There is only one storm cover, however, that provides shelter for the rear window. This means if you access the tent via the side windows during wet weather, your bedding will most likely be affected. Side awnings can be added as optional extras and further expense; however, this is a disappointing solution. 

Packing up is the reverse of setting up — unhook the spring poles, move the paracord up to hold the canvas tight, close the lid and remove the ladder. It is beneficial to have the rear window unzipped a little to make opening and closing of the tent easier as it is almost impossible with all the windows zipped up.

Something that could be annoying, especially for light sleepers, is that the cord used to pull the lid closed hangs loosely when the tent is open and can blow around, scraping against the canvas or the lid of the tent. 


The Gen 3 has had some tweaks that improve its design. The front section of the lid now tapers and is 7cm lower than the rear of the shell, improving its aerodynamics and a providing a sleeker look. At 230cm the tent base will fit neatly on most 4WD’s and is narrower in the front than the rear by 10cm, again to help the aerodynamics. 

The rubber seals perform an admirable task in keeping dust and water out when travelling, even in the harshest of conditions. Installing gas struts inside the lip of the lids is a good move, as they can’t get damaged by a tree branch.

The roof of the tent is rated to carry 50kg, turning it into a mini roof rack. There are two rails on the roof, making it easy to attach tie-down points or install solar panels. Ironman 4x4 do not recommend that you load gear directly to the roof, they recommend using cross bars or installing a flat rack. The rails only extend 150cm from the back of lid to the fold in the shell, which means if you want to install a solar panel on the front section of the lid, you’d need to screw into the aluminium to do so. 

The cargo railing that runs down either side of the shell only extends 150cm. If it continued all the way around, it would have provided an easy way of mounting lights, shovel mounts or high-lift jacks. 

It’s important to know what roof weight limits your vehicle has. The Gen 3 weighs approximately 80kg empty and each Alu-Cab load bar weighs 3kg. Add your bedding and gear loaded on the lid of the rooftop tent may go over that limit so take care. 


Alu-Cab began life in South Africa in 2000, having seen overlanders in Africa explore further and longer by travelling simply, lightly and with resourcefulness. This led them to develop a lightweight aluminium canopy, before deciding, after more refinement, that they needed accessories to fully complement their revolutionary canopy. This led to their hard lid rooftop tents, eventually allowing them to expand distribution into Australia. They are now available nationally through Ironman 4x4. Their latest version, the Gen 3 Expedition, is the most innovative yet and is certainly gaining popularity in our overlanding market.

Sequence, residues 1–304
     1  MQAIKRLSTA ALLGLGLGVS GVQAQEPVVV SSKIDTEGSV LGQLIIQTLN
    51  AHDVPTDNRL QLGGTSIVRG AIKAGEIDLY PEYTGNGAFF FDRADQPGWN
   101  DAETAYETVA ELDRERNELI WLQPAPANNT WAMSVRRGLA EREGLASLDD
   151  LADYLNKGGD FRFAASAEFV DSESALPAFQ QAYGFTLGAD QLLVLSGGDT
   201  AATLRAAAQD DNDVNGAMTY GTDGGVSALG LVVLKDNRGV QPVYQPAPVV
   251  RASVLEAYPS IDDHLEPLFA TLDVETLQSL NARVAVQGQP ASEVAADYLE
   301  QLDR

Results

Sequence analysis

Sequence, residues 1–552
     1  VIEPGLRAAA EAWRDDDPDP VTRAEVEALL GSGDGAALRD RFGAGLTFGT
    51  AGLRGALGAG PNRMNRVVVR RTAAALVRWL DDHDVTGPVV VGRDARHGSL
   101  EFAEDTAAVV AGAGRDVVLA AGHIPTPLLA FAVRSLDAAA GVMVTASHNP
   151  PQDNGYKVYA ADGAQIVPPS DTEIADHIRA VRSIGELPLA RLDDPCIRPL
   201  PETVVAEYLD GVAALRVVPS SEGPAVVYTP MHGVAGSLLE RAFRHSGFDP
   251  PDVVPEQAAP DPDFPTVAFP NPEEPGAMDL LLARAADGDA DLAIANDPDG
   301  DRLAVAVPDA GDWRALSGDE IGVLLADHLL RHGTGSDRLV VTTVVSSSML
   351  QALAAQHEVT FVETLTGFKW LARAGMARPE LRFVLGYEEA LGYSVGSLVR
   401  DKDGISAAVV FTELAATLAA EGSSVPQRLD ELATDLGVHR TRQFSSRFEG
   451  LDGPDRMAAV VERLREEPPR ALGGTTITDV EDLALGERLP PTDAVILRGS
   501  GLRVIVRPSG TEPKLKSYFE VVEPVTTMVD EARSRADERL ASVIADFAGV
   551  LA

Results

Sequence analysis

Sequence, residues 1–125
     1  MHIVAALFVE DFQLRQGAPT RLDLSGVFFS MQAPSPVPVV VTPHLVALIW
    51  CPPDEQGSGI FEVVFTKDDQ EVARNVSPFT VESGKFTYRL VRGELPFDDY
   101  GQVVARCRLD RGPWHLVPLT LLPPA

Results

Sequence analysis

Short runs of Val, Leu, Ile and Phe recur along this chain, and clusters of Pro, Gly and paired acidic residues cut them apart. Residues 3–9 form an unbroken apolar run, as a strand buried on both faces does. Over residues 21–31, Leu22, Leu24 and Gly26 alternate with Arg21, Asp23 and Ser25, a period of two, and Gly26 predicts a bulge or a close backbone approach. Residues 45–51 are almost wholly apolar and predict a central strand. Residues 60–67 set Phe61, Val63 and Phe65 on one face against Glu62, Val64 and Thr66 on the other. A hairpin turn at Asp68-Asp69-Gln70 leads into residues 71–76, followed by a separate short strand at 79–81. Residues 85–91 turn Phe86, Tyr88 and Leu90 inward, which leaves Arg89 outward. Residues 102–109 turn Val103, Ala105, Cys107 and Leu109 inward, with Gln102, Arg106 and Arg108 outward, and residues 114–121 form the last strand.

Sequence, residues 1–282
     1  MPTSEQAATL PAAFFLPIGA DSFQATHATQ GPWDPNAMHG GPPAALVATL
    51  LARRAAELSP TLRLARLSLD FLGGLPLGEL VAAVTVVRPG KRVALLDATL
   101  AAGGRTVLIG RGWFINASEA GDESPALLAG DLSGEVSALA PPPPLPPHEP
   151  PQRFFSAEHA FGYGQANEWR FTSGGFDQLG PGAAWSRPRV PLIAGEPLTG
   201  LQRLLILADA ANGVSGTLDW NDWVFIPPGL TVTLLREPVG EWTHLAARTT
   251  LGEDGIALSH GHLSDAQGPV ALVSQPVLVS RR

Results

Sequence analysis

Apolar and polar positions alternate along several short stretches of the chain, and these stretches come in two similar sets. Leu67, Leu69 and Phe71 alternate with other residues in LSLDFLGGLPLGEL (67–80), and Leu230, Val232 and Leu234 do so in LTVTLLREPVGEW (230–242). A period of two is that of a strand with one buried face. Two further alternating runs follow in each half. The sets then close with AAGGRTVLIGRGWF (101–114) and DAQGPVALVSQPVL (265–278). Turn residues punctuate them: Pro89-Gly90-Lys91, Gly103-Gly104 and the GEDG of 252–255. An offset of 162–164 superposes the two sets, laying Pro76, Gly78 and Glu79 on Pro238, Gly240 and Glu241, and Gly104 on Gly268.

The Alu-Cab Gen 3 Expedition is a good quality rooftop tent and it’s one of the more expensive hardtop tents on the market, with a starting price of $5600. It also has a few minor flaws, but that could be because I’m a hard reviewer, or that I know what I want in a hard-top rooftop tent. However, what you get here is a well-constructed bit of kit, designed specifically for Australian conditions, unlike some other rooftop tents. 

A big negative of a rooftop tent is that when you want to go for a drive or pop down to the pub, you’ve got to close it up and then open it all again. However, the ease in which the Gen 3 can be set up and the simplicity in which it can be packed down makes it an absolute winner. 

The comfortable interior offers excellent insulation, functional storage and ample room to move is what you want in a popup bedroom. Whether you’re a weekend camper or someone who loves extended touring, this rooftop tent will certainly fit what you’re looking for. 


A problem with installing a rooftop tent onto a canopy with spare wheels hanging off the back, is they are a hindrance when accessing the tent. As you can see from the photos of Joe and Rhianna’s set up, the ladder is at a crazy angle. So crazy, in fact, I was concerned climbing it to photograph the interior of the tent. In the wet or with muddy boots, it could be a dangerous climb. They can’t place the ladder on the side because the canopy doors need to be accessible all the time (fridge, BBQ, hot water service). 

In hindsight, it may have been better to mount the Gen 3 rooftop tent with an overhang off the rear of the canopy by 200–250mm, that would provide some coverage over the tyres and reduce the angle of the ladder when connected. 


Weight 88kg

Shell Material Aluminium

Canvas Material Dual layer 400gsm UV-resistant rib-lock waterproof canvas with sealed seams

Ladder 2.1m straight ladder that can be lengthened with a 600mm extension or optional 2.6m telescopic ladder 

Mattress 75mm high-density foam with zipped cover

Roof Cargo Area Carrying Capacity 50kg

Style Hard top


Travel size 230cm (L) x 140cm (W) x Front 21cm (H), Rear 28cm (H) 

Sleeping area 210cm (L) x 130cm at the shoulders (W) x 160cm (H)

Internal volume 4.4 cubic metres approx.


Led bed lights and LED roof light; internal 12V plug point and dual USB points; ladder; storage pockets 


Ladder extension for taller vehicles; Side Rain Entrance Cover; Alu-Cab Shadowawn 270º awning; Load bars; Roof rack tray with table bracket


$5600 plus fitting and freight if required


Alu-Cab Rooftop Tents

Australian Dealers Ironman 4x4 




Review Rooftop tent Alu-Cab Gen 3 Expedition Offroad